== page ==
While this doesn’t kill six birds with one stone, it does build a loyal following, readership and trust, which I can later use to ask my readers to do all of that other stuff, and many of them, while they are at it, enter their credit card number and join my premium site. I like to believe that it’s because I have delivered and over delivered on what I said I would give them, so they know with the premium section it will be more of the same.

Common Content Mistakes

Taking too long to write the article:

Have you ever told yourself you were right the first time or your first instinct is always right? It’s the same with writing. Your article can always be better, but usually the first draft is what you wrote from your heart and passion, no need to dress it up, over clarify, or over edit it, if you have reached the right audience they will care less about the editing work you have done and want to either read your opinion on something or how to solve the problem that had them scouring the internet. The longer you take on one article, the less time you have to produce more content.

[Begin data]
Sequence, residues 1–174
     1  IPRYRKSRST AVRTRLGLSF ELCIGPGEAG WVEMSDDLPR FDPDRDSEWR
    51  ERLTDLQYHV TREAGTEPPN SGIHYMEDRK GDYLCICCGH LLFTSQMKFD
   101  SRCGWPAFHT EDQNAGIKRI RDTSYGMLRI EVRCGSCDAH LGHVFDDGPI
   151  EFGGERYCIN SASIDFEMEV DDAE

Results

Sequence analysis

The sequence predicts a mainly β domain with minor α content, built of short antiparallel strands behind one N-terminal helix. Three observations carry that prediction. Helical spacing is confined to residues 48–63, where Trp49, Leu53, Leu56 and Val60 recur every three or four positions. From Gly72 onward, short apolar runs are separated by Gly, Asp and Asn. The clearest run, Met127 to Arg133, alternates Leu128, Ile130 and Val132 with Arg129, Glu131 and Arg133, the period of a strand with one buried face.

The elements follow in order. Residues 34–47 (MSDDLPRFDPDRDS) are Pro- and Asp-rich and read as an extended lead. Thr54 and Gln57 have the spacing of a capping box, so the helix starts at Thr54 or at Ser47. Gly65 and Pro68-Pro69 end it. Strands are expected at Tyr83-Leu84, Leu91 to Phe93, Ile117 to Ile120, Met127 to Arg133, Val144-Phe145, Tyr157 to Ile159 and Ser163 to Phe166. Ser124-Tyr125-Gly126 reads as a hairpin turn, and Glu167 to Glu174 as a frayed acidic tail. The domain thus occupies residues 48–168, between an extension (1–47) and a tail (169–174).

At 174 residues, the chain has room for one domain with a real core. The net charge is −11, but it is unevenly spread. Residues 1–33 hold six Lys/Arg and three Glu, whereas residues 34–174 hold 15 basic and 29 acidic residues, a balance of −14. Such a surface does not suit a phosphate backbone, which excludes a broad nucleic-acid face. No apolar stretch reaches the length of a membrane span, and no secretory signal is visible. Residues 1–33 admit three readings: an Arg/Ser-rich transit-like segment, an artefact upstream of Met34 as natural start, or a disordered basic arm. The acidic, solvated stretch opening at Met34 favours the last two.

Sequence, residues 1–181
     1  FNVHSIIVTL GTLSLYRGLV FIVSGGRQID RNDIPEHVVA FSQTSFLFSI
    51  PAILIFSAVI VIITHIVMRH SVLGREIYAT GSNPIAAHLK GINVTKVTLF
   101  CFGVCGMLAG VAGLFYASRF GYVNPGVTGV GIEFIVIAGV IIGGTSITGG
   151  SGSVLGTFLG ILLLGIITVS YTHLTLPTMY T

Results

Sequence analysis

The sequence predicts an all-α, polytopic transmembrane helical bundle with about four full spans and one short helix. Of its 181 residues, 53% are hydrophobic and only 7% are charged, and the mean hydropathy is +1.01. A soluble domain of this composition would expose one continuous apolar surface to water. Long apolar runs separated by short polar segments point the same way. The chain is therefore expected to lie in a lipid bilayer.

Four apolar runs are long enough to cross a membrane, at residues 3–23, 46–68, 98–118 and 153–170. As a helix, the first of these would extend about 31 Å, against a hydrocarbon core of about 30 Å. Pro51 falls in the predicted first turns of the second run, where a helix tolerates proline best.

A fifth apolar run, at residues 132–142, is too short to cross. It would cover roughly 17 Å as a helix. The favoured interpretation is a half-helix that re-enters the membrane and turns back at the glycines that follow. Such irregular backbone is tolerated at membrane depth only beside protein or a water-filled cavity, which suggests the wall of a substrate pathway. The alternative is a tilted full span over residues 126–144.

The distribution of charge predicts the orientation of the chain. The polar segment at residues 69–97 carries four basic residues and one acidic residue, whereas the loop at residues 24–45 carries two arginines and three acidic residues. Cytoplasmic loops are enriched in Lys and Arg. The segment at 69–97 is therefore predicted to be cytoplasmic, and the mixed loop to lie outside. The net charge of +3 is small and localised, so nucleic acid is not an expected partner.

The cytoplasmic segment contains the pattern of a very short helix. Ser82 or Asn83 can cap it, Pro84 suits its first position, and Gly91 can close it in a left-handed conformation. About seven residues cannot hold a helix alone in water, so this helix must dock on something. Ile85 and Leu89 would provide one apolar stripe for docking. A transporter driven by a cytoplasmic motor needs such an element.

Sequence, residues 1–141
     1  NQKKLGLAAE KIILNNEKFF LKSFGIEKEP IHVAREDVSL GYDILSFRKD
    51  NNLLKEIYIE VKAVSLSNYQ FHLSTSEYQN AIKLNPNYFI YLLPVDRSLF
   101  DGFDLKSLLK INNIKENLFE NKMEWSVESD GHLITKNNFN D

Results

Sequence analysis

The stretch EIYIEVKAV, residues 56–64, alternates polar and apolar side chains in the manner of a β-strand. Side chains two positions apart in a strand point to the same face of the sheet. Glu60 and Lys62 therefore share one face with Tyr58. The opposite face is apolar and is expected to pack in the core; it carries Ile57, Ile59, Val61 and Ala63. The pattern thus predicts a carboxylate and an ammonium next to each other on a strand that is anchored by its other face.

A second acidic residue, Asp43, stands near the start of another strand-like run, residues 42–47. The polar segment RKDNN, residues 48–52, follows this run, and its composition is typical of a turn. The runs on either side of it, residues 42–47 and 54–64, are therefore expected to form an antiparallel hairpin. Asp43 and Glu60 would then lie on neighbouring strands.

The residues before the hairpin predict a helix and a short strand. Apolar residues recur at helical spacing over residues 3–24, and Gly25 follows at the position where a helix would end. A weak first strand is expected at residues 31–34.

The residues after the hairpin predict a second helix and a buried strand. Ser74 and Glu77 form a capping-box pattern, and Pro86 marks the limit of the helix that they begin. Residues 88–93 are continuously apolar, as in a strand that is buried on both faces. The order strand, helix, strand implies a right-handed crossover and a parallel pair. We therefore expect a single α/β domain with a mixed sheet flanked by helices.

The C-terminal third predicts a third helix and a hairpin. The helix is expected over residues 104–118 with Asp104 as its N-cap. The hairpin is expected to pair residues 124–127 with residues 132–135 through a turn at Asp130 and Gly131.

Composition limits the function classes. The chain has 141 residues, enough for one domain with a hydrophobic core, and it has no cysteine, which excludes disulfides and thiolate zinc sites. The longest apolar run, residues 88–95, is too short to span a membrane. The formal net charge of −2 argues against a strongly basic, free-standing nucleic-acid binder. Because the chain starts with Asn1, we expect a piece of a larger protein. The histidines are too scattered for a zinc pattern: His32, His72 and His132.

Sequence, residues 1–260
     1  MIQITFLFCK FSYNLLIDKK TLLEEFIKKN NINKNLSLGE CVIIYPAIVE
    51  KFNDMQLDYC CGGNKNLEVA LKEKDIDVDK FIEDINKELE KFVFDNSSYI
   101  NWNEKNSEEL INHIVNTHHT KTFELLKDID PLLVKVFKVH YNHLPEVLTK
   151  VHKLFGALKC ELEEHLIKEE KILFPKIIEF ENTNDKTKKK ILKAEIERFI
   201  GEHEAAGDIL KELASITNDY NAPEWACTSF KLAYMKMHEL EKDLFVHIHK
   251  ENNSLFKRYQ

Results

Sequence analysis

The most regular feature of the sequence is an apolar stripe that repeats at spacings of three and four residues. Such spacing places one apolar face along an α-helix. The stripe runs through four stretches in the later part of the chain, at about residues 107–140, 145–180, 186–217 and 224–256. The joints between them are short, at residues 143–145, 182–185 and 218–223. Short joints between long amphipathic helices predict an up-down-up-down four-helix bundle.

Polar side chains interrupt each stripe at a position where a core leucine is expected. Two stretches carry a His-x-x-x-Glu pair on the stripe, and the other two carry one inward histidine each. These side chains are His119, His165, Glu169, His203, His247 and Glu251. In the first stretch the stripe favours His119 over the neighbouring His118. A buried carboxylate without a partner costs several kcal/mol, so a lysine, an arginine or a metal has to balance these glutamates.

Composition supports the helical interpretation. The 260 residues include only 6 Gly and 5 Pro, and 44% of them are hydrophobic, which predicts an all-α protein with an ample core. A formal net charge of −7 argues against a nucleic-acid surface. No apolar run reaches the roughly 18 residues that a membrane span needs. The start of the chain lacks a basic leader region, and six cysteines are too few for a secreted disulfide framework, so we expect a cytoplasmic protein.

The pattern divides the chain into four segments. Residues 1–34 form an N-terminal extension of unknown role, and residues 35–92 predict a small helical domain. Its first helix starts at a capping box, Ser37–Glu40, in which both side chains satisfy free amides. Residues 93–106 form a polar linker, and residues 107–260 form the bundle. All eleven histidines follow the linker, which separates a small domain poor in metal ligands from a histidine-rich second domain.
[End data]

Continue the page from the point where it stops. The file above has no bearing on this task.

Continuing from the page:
Making the article too long:

There are few people talented enough to keep the attention of the bulk of Internet users for more than a minute or so, from the studies I have seen, that’s even a long time. By making your articles too long you really hurt yourself twice. Firstly, you will be creating content that more than likely most of your readers won’t read, and secondly you have wasted an opportunity to create fresh new content for your blog with little to no more time and effort than you have already spent.

If you have an article that is long enough, try breaking it into pieces and if you can, which is even more effective, try and make the pieces their own separate subjects. Try doing at least two but if it’s long enough try three or even more, this is something you’ll get more comfortable with as to what is acceptable over time. This works well on so many levels that you will truly be floored by the results.